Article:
THE WANDERING I - Irish Christianne Dizon - The Philippine Star

The only way to learn is to do. Students had seven hours to create a short film that the mentors and the author judged on the last night on the island.

When the Rebelde team sat down with me months ago to convince me to join their fourth five-day film camp as a guest judge, my first question was: “Why me?” I asked because: I’m not a filmmaker and I’m not a professional film critic. I don’t identify as a cineaste either. (I have yet to watch classic Filipino films like Oro, Plata, Mata, Insiang, and Himala. I know, I know.) Getting me to judge the works of aspiring filmmakers is like asking an avid Grey’s Anatomy viewer to make a medical diagnosis. The passion for movies is there, but the technical know-how isn’t — how am I supposed to judge with authority? Their marketing guy (at the time), Dennis Boc, told me they weren’t getting me for my cinematic expertise. I was chosen because I’m a “noisy supporter of Philippine cinema.” (I really hope “noisy” wasn’t a shade, Dennis.) I couldn’t argue with that — it’s true.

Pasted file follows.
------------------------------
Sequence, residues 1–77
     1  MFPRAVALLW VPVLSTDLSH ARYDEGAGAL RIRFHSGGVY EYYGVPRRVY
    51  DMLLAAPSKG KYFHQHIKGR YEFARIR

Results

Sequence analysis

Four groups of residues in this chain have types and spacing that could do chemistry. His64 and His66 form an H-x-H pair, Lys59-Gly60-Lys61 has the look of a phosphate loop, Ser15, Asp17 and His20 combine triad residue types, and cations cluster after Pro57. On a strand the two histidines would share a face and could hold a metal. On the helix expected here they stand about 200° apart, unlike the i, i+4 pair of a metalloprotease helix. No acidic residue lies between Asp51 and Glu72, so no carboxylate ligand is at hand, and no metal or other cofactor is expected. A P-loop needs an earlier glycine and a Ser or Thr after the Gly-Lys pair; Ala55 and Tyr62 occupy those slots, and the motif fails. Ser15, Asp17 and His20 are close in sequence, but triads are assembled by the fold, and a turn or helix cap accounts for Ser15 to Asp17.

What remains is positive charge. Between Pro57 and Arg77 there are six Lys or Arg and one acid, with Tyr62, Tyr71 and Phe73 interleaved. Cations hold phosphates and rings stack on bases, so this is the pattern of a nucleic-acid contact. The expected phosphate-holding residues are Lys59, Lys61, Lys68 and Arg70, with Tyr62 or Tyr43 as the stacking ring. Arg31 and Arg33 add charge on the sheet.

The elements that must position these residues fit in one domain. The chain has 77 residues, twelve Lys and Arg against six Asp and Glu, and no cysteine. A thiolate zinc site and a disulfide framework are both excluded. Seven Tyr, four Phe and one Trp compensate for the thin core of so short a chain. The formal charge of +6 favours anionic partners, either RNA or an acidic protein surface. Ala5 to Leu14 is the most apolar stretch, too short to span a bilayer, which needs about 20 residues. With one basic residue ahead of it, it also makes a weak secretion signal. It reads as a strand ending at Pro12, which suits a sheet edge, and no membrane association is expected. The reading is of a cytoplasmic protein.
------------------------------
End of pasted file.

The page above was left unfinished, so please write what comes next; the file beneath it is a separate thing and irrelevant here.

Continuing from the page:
My watershed moment happened in September 2015. I watched Heneral Luna, then on its second day and this close to being pulled out from cinemas, and realized, hey, we’re actually capable of producing good movies! And when I say good, I don’t just mean something that entertains. Luna was entertaining for sure, but more importantly, it was edifying. (I resolved to become a registered voter after feeling personally attacked by the line, “Bayan o sarili?”) That film made me fall in love with Philippine cinema and its possibilities — and I have been watching at least one Pinoy flick a month since then. I almost always write reviews after, too. But my critique is just based on my preferences, not on a solid understanding of the elements of film, like the screenplay, cinematography, direction, actor’s performance, etc. As we talked, I began to see joining the Rebelde Film Camp 4 as a chance to learn the rudiments of moviemaking. (The lineup of mentors was impressive: Cherie Gil for acting, Jose Javier Reyes for screenwriting, Lee Briones-Meily for cinematography, and Adolf Alix for directing — all ace veterans in their respective fields.) Knowing the basics could help me explain exactly why I think a film is good or bad. I’ll be of better service to the people who look to me for movie recommendations, as well as the filmmakers who are open to — and benefit from — honest feedback. So I said yes. (Full disclosure: That they were holding it in the beautiful Caramoan islands was one of the reasons I took the bait.)